What is really exciting for the APLMA is the focus on new technology, for example, in blockchain technology and tokenisation, which a lot of the central banks around the region are committing resources to and are encouraging banks in their jurisdiction to similarly resource and get behind.

So I think for the industry, the lending market of today, and the lending market of tomorrow, there are massive opportunities for technology.

Coming back to your respective associations – what are your key strategic goals for 2024, and what are some of the challenges? Where do you see synergy?


For the LMA, our most important priority is to maintain our voice representing the EMEA loan markets.

To do that we need to look at the universe of our members and non-members. We have to get the participants in the ecosystem more involved – or even to become an LMA member – and that includes institutional investors, asset allocators, and LP investors and family office who are increasingly allocating large sums of capital to the market. The challenge there is how we connect them. In addition to putting our content out there, it’s also about knocking on doors and engaging through one-to-ones and small roundtables to showcase what the LMA is doing for them.

Our second priority is to embrace tech solutions to drive further efficiency across the broader markets, not just the settlement process, to save our members time and money and reduce complexity and hence operational risk. Finally, continuing our work on sustainable finance: setting the standard about what it is and how to manage it; and to serve our members through clear, concise and strong frameworks, ensuring the right impact and measurability of financing. It’s crystal clear from the APLMA summit that the central themes of our members are totally on the same path – every session, every panel, every speaker at the summit has focused on sustainable finance, private credit and technology. Everybody is moving from the question “What is it” to “How does it impact me”. I think the LMA and the APLMA need to be working on how we set the standards in those areas.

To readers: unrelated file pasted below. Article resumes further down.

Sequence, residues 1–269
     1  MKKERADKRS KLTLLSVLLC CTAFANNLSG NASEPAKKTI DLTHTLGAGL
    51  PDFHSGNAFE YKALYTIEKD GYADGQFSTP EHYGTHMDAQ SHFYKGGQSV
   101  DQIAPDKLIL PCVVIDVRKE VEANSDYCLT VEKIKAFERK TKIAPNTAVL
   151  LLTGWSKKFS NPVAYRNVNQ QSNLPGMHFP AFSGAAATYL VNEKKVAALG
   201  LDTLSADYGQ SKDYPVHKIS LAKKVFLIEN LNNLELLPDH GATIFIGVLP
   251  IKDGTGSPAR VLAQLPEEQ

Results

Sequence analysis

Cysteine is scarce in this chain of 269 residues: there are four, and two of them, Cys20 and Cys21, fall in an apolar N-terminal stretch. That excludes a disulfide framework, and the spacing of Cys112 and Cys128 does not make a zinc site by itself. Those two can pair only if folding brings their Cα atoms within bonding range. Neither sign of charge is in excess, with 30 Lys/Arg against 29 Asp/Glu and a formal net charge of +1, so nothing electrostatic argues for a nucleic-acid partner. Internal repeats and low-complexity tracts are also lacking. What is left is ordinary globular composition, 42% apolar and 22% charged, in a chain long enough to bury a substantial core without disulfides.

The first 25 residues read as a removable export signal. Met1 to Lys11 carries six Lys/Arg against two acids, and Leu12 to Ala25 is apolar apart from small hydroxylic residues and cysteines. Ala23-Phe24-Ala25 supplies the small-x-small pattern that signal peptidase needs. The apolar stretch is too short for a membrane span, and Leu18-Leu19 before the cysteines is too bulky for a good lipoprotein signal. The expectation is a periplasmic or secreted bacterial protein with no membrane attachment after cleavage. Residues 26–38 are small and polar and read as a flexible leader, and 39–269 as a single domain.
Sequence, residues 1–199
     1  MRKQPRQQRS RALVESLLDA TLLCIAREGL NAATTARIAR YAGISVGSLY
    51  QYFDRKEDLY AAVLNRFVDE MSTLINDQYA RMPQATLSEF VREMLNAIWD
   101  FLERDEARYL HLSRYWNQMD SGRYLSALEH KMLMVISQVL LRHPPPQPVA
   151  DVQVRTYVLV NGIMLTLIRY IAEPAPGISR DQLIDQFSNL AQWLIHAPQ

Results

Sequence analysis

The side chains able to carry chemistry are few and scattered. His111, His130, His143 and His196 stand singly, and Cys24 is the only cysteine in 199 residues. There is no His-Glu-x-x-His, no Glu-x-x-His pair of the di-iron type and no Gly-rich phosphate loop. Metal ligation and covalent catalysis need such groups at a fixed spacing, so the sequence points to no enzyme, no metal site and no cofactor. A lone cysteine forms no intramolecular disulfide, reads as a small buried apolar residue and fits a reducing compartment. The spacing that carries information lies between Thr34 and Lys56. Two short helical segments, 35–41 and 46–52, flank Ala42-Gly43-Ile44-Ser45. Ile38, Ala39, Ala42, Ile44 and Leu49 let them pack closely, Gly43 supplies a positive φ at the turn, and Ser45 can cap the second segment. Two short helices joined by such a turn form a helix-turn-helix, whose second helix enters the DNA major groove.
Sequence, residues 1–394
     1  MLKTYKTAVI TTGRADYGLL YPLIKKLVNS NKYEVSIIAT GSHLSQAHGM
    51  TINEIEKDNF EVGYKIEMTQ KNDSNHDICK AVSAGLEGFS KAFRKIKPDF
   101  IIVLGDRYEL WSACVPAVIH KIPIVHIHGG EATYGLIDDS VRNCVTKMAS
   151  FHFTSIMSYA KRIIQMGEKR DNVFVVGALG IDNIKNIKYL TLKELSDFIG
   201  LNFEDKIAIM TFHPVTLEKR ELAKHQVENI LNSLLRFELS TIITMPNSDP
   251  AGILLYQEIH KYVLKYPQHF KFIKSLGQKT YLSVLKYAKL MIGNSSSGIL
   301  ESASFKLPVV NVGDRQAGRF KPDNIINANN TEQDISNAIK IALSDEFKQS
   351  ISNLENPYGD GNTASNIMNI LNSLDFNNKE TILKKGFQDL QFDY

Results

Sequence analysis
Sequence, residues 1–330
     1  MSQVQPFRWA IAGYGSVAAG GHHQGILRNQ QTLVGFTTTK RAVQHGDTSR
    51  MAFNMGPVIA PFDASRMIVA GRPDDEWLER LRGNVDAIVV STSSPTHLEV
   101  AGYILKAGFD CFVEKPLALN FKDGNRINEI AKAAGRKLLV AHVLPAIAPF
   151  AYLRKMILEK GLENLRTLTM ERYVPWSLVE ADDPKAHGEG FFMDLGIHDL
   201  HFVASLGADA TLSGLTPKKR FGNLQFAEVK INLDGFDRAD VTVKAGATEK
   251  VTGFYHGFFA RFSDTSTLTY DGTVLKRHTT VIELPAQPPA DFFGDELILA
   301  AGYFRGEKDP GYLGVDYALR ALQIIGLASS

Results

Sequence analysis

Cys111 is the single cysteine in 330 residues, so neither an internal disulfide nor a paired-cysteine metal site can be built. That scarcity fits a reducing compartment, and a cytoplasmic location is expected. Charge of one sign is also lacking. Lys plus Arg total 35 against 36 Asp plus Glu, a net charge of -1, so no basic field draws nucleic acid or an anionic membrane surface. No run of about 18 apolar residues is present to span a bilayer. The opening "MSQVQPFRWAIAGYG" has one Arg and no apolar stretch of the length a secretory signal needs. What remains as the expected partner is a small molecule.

In terms of our membership, we both have members from different markets, from developed and developing countries all considering different regulatory and legal frameworks, with different currencies, capital allocations, return parameters. With this huge amount of overlapping interests, it’s important that the two associations work together.

James: Picking up on Scott’s point –

Our first priority is being the authoritative voice. There are gaps in terms of understanding in the marketplace here in Asia, for example in the definition of blended finance. So one challenge is how we advocate for the good of the whole market.

Working closely with the market and regulators, we’ve got to be able to provide clarity about what the main issue is, and demonstrate that we can actually contribute or propose a solution. The second would be that while we are very strong in certain geographies across the Asia Pacific region, there are other geographies that we have to work on. Particularly this year, across ASEAN and India, where the knowledge and understanding of APLMA’s relevance isn’t as strong as it should be. And more fundamentally, there are plenty of gaps in the market for improvement. The third area is definitely about understanding the pain points across the region and how they can be addressed by process guidelines or technology solutions. The challenge is that, similar to the LMA, our membership is composed of a very broad church of different interests. So it requires regular dialogue to understand what are the key issues and key pain points that need to be addressed.